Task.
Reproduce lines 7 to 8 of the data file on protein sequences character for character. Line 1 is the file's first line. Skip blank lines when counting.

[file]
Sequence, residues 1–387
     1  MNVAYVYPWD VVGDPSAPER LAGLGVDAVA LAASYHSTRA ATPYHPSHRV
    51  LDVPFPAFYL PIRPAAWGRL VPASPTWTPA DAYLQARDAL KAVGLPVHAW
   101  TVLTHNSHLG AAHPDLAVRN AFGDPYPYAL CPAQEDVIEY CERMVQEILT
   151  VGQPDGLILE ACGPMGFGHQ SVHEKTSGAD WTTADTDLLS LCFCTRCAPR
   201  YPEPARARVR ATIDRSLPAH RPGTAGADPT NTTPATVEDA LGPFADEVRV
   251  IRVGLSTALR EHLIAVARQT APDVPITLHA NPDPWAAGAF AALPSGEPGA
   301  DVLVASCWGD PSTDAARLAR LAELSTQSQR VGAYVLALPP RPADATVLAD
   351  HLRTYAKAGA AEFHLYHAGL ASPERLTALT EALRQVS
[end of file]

   251  IRVGLSTALR EHLIAVARQT APDVPITLHA NPDPWAAGAF AALPSGEPGA
   301  DVLVASCWGD PSTDAARLAR LAELSTQSQR VGAYVLALPP RPADATVLAD